It will never be safe to turn off your computer: Prankster harnesses the power of Windows 95 to torment fellow students

Who, me? The weekend is over and that means another story of reader misdeeds to start Monday with our regular column, Who, me?

Surprisingly, The Register readers contain a small army of technicians who, if they get bored a little, are ready and willing to punish the unsuspecting.

"Joe" got in touch after LaserJet's pranks last week to tell us how the bet increased thanks to some of the laxest approaches adopted by the designers of Windows 95.

Our story takes place in the excellent state of Maine, United States, while Joe was still in high school. Things were simpler then, and school computers needed someone to press the "Off" button after their fleet of Windows 95 desktop computers had been turned off.

"Like a moderate computer nerd," Joe said, "and a little joker, I was always looking for ways to mess with people subtly.

" One day, while playing with my home machine, I found the message file & # 39; it is now safe to turn off your computer & # 39; ".

Gray Beards will remember the files logos.sys and logow.sys that were actually little more than maps of bits that informed the user that Windows 95 was closing and that it was fine to disconnect it. [19659002] Thanks to Microsoft's heinous attempt to obfuscate, "this opened a new vector of jokes."

"I created some different versions, with things How & # 39; do you really think it is safe to turn off your computer? & # 39;, & # 39; It will never be safe to turn off your computer & # 39 ;, and my favorite: & # 39; Error saving data & # 39; ".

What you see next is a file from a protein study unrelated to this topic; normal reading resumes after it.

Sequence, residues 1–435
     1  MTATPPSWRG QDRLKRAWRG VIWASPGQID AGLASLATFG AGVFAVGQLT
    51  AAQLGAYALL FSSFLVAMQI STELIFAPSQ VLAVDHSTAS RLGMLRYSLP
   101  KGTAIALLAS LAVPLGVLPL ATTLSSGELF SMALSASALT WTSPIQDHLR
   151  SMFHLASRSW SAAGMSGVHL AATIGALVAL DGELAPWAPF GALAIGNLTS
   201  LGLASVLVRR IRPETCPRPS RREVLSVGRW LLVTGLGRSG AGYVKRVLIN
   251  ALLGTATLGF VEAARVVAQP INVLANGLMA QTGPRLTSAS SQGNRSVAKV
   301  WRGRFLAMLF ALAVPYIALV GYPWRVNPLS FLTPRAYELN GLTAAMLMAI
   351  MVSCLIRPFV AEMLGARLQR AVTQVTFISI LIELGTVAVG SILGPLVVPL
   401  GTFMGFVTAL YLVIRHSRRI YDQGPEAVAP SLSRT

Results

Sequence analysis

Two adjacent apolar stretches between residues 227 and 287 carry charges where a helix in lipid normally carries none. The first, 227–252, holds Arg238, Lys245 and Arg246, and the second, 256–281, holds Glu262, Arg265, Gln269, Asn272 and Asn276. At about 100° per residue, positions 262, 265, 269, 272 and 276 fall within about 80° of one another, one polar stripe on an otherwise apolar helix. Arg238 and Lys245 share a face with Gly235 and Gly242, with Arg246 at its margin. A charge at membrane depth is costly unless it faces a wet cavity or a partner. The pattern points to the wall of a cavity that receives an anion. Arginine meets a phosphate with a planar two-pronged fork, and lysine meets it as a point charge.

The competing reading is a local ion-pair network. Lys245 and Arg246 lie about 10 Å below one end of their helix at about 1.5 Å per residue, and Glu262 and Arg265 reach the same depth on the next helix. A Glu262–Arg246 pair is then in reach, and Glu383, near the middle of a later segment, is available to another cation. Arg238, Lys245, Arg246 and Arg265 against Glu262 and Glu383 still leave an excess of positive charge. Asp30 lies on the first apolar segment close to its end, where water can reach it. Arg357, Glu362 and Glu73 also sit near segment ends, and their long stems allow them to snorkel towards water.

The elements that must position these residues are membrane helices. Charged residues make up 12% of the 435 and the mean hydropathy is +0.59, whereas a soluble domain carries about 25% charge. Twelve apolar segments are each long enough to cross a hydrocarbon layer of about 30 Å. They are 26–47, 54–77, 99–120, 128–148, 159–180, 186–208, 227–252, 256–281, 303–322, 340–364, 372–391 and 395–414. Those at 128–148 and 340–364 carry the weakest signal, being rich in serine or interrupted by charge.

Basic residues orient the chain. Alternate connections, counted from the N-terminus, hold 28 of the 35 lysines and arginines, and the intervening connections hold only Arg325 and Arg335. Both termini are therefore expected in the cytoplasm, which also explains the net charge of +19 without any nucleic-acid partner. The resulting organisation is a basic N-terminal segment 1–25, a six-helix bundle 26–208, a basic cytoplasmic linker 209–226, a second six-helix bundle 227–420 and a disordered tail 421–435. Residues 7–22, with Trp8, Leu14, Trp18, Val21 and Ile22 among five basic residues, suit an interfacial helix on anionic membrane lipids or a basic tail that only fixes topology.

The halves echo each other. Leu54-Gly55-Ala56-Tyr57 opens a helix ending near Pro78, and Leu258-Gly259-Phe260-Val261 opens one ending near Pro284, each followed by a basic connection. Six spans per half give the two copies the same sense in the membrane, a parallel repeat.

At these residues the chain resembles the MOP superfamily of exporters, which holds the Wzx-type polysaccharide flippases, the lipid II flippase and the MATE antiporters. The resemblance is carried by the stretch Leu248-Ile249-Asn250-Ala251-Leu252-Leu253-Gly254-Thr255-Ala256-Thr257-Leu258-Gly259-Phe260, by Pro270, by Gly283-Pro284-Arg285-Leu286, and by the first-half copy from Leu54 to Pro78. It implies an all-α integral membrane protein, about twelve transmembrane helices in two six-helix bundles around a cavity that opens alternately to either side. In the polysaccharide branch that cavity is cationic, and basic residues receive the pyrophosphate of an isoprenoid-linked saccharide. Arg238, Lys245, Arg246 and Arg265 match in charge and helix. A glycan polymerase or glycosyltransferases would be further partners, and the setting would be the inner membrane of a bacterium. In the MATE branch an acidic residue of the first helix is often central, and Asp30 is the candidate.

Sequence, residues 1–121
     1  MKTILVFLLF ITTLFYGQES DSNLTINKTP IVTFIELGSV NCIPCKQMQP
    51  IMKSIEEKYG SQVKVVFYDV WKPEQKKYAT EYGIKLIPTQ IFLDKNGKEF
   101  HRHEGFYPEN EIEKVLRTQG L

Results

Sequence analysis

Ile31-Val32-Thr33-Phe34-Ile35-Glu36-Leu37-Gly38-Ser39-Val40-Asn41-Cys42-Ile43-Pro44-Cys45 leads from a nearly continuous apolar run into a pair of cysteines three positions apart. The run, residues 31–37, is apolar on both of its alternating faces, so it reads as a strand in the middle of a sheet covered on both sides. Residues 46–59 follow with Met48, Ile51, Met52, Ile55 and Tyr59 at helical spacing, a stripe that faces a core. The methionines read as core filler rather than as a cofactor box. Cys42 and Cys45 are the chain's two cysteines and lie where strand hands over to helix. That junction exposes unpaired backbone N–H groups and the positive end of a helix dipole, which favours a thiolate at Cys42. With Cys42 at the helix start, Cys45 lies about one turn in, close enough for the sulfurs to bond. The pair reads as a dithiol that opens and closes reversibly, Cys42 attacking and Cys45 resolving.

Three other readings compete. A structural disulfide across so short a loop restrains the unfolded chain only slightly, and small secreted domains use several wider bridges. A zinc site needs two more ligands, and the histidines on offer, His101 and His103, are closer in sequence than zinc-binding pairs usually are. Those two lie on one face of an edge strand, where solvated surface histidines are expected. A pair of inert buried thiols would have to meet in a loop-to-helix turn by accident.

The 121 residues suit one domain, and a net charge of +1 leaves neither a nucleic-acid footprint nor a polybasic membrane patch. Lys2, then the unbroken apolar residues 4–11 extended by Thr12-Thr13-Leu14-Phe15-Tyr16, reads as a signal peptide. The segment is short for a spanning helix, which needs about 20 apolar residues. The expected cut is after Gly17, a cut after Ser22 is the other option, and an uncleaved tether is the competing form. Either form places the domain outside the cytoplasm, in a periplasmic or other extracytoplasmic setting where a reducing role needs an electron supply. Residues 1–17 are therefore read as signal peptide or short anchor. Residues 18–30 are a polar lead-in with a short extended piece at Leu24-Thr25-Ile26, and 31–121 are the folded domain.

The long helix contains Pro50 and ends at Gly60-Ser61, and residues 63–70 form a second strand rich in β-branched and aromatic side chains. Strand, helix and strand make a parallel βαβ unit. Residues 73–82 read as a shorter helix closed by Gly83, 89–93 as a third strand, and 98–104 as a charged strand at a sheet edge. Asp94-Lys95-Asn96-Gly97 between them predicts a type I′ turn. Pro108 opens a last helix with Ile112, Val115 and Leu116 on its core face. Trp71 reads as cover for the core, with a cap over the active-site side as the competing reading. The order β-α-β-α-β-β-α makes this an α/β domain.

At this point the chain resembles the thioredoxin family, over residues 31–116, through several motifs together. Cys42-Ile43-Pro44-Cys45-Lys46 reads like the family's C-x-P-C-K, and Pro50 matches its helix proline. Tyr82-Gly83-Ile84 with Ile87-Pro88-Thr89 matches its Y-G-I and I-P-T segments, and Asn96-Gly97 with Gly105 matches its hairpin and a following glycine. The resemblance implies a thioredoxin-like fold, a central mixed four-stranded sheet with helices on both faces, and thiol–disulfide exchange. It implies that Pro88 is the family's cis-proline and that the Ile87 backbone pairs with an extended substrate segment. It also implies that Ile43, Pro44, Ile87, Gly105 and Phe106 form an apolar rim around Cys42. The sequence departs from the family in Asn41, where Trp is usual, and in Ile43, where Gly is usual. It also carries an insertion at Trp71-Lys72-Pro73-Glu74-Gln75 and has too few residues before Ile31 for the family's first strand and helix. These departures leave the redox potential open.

Coffee with milk r, we believe, shows a level of evil and cunning that Joe should have seen elevated to a higher position within one of today's technological giants.

Our man would throw with a 3.5 "floppy disk of fun, load the library computers" and wait for the carnage. "

To be fair, some children didn't even notice, while others just asked for help. "A boy," Joe said, "was really scared by & # 39; Error saving data & # 39; it didn't matter that he had his work printed, and he put it on a disk he had in his hand, he swore that everything had disappeared that point. "

Ah, happy carefree school days.

Unfortunately for Joe, computers were taken out of service for engineers to solve what was happening. "I ended up having to leave myself," he told us. "It is still worth it."

Despite showing an aptitude for malevolence that should have taken him far in the software world, Joe ended up in the field of automotive repair, and is now responsible for a fleet of delivery vehicles. [19659002] "My punishment," he told us sadly, "is having to register all my work on a network that is slower than dial-up".

Have you ever had Windows 95 urge your users to buy a Mac during shutdown? Or did you find another way to alarm the unsuspecting? Of course, and you must say Who, me? all about it. ®

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